MIDDLEBURY, Vt.-Financial services businesses can flourish in Vermont because the state attracts talented workers and offers them a superior quality of life. That was the refrain at the Financial Services Industry Summit held Oct. 24 at Middlebury College’s Kirk Center. The purpose of the summit, jointly sponsored by Middlebury College and the State of Vermont, was to explore issues related to recruiting financial services businesses to the state. About 35 leaders of the industry with connections to Middlebury College or Vermont attended, along with faculty and administrators from the College, state economic development officials, and Governor James H. Douglas.

In his welcoming remarks, Middlebury College President John M. McCardell Jr. said financial services was selected as the focus of the summit because the industry meshes particularly well with the advantages a Vermont location offers.

Citing Middlebury’s successful and closely knit alumni financial services network throughout the country, McCardell said the efforts of summit participants to bring in jobs can have great significance in a state the size of Vermont. “The creation of just 500 new jobs can lower the unemployment rate about one quarter of a percent,” said McCardell. He also said the high-earnings positions that the industry would bring would generate other supportive employment opportunities.

Summit participants affiliated with Middlebury College represent over $65 billion of assets under management, including private equity capital as well as investment management and mutual fund assets. The market capitalization of listed companies represented at the meeting exceeds $40 billion. Several participants are also principals of nationally known financial service advisory firms.

Fredrick M. Fritz, a Middlebury graduate and trustee who was instrumental in planning the summit, said the goals of the summit process are long range. “We expect that, over time, the business leaders here today will help us get the word out about Vermont as an attractive location for financial services businesses,” he said.

Fritz, former chairman of Banc Boston Capital and Fleet Private Equity in Boston, said he hoped the summit would provide an inventory of the issues, including barriers, related to the process of attracting businesses to Vermont. He added that he expects Middlebury College will continue to play a central role in pursuing the issues discussed at the summit as an extension of two of the College’s initiatives, DigitalBridges2.0 and Middlebury Solutions Group, whose purpose is to help small, innovative Vermont companies grow into successful enterprises.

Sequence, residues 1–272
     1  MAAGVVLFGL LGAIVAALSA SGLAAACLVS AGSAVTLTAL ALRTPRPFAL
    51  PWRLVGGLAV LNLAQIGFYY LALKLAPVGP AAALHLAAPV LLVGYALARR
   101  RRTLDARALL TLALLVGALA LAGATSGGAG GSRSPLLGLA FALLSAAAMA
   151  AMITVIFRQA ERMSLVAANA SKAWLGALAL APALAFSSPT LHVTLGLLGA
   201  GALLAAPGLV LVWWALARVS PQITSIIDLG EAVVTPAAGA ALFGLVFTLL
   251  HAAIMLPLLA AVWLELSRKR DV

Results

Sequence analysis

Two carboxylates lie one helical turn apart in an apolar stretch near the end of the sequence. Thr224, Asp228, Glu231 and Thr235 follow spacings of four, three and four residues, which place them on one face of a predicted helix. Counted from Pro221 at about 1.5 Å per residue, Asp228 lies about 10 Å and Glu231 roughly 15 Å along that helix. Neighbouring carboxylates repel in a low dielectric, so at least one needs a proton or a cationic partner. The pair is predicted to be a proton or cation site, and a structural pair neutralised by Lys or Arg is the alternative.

Secretary of the Vermont Agency of Commerce and Community Development Kevin Dorn said the purpose of the gathering was twofold. “One is to bring financial service professionals into Vermont and pitch them on the advantages of being located here; the other is to solicit advice from them about how we could do it better. It’s as much a conversation as it is a sales pitch.”

Dorn noted the ability of Vermont as a small state to be nimble and accessible when dealing with the concerns of businesses. He said the state’s balanced budget indicates a climate of conservative financial management in state government and the kind of stability that is an advantage to Vermont businesses.

Using the captive insurance industry as an example of how Vermont has responded in the past to the needs of specific business sectors, Dorn said that actions by the state created the statutes and regulatory structure that facilitated an influx of captive insurance companies. As a result, Dorn said, Vermont has the second largest number of captive insurance companies in the world, producing more than $7.2 billion in gross premiums.

The afternoon session included a panel moderated by Greg Peters, managing partner of Lake Champlain Capital Management, who introduced the principals of three financial services businesses currently located in Vermont. John Dwight, chairman and chief executive officer of John K. Dwight Asset Management; Kingman Penniman, president and chief executive officer of KDP Investment Advisors; and Joseph Rob, chairman and chief executive officer of Sentinel Family Funds, gave brief presentations on the advantages and drawbacks of doing business in Vermont.

Dwight, who started his business in Vermont 20 years ago and now employs more than 75 people, listed three major factors that make Vermont attractive: the physical setting, the sense of a small community that exists in the state, and Vermont’s ability to attract highly qualified people.